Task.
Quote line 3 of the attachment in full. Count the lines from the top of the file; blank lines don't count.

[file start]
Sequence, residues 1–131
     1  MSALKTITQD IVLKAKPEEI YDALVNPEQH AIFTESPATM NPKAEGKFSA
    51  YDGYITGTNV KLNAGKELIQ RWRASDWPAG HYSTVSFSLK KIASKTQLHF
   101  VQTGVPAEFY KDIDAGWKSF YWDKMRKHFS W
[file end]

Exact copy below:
    51  YDGYITGTNV KLNAGKELIQ RWRASDWPAG HYSTVSFSLK KIASKTQLHF